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The Angel Of The Revolution George Chetwynd Griffith

A Navy Of The Future

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"Are you all well on board?"

"Yes, all well," was the reply, "though we have had rather a risky time of it, for war was generally declared a fortnight ago, and we have had to run the blockade for a good part of the way. That is why we are a little before our time. Can you come nearer? We have some letters for you."

"Yes," replied Arnold. "I'll come alongside. You go ahead, I'll do the rest."

So saying, he ran the Ariel up close to the quarter of the Avondale as easily as though she had been lying at anchor instead of going twenty miles an hour through the water, and went forward and shook hands with Roburoff over the rail, taking a packet of letters from him at the same time. Meanwhile Colston, who had grasped the situation at a glance, had swung himself on to the steamer's deck, and was already engaged in an animated conversation with Radna.

The first advantage that Arnold took of the leisure that was now at his disposal, was to read the letter directed to himself that was among those for Natasha, the Princess, and Colston, which had been brought out by the Avondale. He recognised the writing as Tremayne's, and when he opened the envelope he found that it contained a somewhat lengthy letter from him, and an enclosure in an unfamiliar hand, which consisted of only a few lines, and was signed "Natas."

He started as his eye fell on the terrible name, which now meant so much to him, and he naturally read the note to which it was appended first. There was neither date nor formal address, and it ran as follows:--

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    You have done well, and fulfilled your promises as a true man should.
    For the personal service that you have rendered to me I will not thank
    you in words, for the time may come when I shall be able to do so in
    deeds. What you have done for the Cause was your duty, and for that I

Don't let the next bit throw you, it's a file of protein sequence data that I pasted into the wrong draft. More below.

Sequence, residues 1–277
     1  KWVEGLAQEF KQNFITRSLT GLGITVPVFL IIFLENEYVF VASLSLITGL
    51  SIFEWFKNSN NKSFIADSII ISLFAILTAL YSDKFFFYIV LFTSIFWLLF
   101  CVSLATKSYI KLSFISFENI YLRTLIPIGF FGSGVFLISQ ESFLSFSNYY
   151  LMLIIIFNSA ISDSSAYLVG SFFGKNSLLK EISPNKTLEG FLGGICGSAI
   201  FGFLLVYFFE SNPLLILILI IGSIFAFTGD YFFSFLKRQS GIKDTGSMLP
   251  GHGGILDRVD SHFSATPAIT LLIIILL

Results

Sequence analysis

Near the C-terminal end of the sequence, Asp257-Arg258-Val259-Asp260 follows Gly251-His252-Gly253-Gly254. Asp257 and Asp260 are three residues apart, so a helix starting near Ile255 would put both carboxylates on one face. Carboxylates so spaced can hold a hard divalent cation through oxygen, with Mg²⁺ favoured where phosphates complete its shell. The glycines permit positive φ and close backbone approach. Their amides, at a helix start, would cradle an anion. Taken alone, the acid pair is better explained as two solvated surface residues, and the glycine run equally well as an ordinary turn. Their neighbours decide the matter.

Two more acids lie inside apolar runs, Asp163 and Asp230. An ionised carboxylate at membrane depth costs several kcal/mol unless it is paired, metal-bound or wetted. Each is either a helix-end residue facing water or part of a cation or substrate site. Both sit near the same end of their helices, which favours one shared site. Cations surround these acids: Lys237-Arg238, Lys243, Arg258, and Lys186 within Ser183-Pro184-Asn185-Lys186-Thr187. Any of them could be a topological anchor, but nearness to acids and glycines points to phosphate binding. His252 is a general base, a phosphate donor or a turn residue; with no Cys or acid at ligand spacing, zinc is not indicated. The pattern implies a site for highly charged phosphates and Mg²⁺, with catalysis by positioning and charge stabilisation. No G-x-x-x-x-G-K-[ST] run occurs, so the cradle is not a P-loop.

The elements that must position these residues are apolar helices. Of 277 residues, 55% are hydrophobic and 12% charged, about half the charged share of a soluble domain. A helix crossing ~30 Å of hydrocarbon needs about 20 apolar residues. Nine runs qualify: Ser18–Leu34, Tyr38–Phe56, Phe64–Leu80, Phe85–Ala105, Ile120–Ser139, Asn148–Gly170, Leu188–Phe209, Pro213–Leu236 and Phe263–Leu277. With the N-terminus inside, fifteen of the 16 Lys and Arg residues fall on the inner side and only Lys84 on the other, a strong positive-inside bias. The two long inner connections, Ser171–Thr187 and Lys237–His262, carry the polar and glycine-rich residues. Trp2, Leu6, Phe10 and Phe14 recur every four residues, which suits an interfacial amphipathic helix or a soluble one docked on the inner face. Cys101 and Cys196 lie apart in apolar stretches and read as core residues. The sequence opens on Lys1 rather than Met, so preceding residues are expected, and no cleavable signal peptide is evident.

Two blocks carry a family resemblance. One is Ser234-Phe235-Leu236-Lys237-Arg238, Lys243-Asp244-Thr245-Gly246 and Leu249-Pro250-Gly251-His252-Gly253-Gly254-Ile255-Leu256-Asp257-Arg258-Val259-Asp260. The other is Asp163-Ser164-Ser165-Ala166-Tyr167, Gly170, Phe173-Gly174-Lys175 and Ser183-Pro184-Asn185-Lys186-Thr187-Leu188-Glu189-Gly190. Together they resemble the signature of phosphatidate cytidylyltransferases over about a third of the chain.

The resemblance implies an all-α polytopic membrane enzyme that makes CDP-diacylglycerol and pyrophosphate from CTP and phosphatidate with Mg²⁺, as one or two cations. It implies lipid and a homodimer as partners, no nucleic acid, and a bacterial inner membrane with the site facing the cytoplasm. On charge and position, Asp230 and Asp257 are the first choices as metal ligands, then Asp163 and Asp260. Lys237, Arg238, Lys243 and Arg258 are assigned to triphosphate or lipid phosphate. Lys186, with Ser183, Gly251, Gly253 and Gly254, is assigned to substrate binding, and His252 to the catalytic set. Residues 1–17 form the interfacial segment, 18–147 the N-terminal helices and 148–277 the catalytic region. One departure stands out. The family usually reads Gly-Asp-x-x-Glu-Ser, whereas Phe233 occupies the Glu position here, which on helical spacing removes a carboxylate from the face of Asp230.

know that you desire no thanks. You have proved that you hold in your
    hands such power as no single man ever wielded before. Use it well, and
    in the ages to come men shall remember your name with blessings, and
    you, if the Master of Destiny permits, shall attain to your heart's


Arnold laid the little slip of paper down almost reverently, for, few as the words were, they were those of a man who was not only Natas, the Master of the Terror, but also the father of the woman whose love, in spite of his oath, was the object to the attainment of which he held all things else as secondary, and who therefore had the power to crown his life-work with the supreme blessing without which it would be worthless however glorious, for he knew full well that, though he might win Natasha's heart, she herself could never be his unless Natas gave her to him.

The other letter was from Tremayne, dated more than a fortnight previously, and gave him a brief resume of the course of events in Europe since his voyage of exploration had begun. It also urged him to push on the construction of the aerial navy as fast as possible, as there was now no telling where or how soon its presence might be required to determine the issue of the world-war, the first skirmishes of which had already taken place in Eastern Europe. Natas and the Chief were both in London, making the final arrangements for the direction of the various diplomatic and military agents of the Brotherhood throughout Europe. From London they were to go to Alanmere, where they would remain until all arrangements were completed. As soon as the fleet was built and the crews and commanders of the air-ships had thoroughly learned their duties, the flagship was to go to Plymouth, where the Lurline would be lying. The news of her arrival would be telegraphed to Alanmere, and Natas and Tremayne would at once come south and put to sea in her. The air-ship was to wait for them at a point two hundred miles due south-west of the Land's End, and pick them up. The yacht was then to be sunk, and the Executive of the Terrorists would for the time being vanish from the sight of men.

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The Angel Of The Revolution
George Chetwynd Griffith

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